The practice of demolition and confiscation of humanitarian assets, including education infrastructure, is contrary to Israel’s obligations under international law, including provisions of international humanitarian law and of the Fourth Geneva Convention. These practices also cause suffering to ordinary Palestinians, and impinge on the right of children to an education.

Ireland regularly conveys its views on these actions to the Israeli authorities, both directly and through the EU. I have done so myself on my visits to the region.

This is just one example of the daily reality of Israel's brutal occupation of Palestine. We all agree that every child should have a right to education and that states have an obligation to protect, respect and fulfil this right. Israel's apartheid regime in Palestine is clearly violating that right. Schools are invaluable safe spaces for children yet here we have an Israeli Government confiscating and attempting to auction off schools for Palestinian children donated by the EU. The Minister of State indicated that the auction has been put off. My information is that it has been put off for a month. That is the concern. It is not the first time we have seen Palestinian children being terrorised. They have been used as human shields in the past. Will there be any repercussions for Israel following the attacks on this EU aid? It is Irish taxpayers who are paying towards this. What is the next step?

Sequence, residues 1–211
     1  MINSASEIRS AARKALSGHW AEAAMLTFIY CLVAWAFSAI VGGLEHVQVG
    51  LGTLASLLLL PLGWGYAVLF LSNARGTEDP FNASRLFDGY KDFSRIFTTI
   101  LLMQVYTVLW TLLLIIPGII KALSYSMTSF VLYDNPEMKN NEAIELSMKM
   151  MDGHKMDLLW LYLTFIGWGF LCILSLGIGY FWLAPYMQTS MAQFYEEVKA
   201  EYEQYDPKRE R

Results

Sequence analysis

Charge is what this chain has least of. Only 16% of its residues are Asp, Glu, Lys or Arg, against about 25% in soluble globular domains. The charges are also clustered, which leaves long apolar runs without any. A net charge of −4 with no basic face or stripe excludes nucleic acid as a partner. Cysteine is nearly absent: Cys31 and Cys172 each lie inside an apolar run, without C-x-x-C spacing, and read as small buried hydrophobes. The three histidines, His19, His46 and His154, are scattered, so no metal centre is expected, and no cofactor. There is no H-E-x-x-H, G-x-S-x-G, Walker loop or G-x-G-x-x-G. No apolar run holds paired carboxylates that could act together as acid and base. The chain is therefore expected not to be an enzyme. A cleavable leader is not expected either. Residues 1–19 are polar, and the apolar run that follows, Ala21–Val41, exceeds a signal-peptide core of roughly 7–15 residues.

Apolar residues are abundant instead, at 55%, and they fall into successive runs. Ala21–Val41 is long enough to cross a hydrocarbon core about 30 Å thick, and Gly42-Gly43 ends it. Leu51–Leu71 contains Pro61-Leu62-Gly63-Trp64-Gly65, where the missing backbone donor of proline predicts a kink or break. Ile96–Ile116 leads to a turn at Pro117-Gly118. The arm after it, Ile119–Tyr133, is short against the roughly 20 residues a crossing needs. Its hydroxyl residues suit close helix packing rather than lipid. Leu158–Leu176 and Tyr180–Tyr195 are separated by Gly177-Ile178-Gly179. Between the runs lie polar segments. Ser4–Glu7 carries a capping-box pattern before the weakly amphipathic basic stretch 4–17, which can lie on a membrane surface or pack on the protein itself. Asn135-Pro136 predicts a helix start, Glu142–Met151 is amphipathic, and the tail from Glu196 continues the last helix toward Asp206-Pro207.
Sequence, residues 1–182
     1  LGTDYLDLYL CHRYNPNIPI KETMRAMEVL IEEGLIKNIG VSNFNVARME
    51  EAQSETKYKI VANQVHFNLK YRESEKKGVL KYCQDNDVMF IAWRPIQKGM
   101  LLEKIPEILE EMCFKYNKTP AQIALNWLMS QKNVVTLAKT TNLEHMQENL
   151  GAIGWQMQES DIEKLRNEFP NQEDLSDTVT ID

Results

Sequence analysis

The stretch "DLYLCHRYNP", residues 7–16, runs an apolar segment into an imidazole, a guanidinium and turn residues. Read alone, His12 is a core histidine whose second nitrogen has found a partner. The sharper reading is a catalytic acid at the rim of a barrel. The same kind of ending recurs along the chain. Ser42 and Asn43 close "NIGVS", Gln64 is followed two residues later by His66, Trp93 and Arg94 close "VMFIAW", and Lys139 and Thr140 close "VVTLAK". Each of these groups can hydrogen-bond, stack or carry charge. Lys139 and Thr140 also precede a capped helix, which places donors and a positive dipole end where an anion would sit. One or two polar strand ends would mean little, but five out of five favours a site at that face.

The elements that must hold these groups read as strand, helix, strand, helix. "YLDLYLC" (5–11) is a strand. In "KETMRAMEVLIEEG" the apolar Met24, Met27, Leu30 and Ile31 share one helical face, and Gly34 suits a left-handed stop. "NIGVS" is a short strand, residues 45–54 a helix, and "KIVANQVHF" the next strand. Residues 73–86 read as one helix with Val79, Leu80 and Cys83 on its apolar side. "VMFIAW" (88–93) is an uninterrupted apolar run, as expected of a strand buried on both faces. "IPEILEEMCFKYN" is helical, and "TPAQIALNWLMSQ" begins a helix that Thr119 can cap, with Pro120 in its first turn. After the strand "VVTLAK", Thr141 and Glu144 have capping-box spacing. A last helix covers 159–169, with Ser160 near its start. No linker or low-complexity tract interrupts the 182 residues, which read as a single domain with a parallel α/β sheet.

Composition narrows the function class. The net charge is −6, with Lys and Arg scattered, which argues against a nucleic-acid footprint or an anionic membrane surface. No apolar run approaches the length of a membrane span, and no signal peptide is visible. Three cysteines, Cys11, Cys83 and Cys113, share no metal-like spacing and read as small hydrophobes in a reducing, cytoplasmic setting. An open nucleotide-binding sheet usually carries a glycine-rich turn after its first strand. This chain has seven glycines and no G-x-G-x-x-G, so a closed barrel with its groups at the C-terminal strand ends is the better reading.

The Deputy is correct that the primary concern is with the demolition and confiscation and the hardship and injustice that have been caused to Palestinian families. He is aware that I have visited the West Bank and seen the conditions in which many Palestinians are living. On the main issue of the Israelis' attitude towards the West Bank and the settlements, I am aware that the Tánaiste has on a number of occasions conveyed Ireland's deep concern and abhorrence of how settlements are being created and how the education system in the West Bank is being affected. When I went to the West Bank, I visited many schools. I met representatives of the Palestinians. I then went to Tel Aviv to the Knesset. I met representatives of the Israeli Government. I went there in my capacity of Minister of State with responsibility for research, education and innovation. I conveyed my dissatisfaction as to how people in the West Bank were being treated on behalf of the Government. The two ambassadors who work for Ireland in Palestine and Israel do a really good job in reminding Israel of its commitments to Palestinians in the region.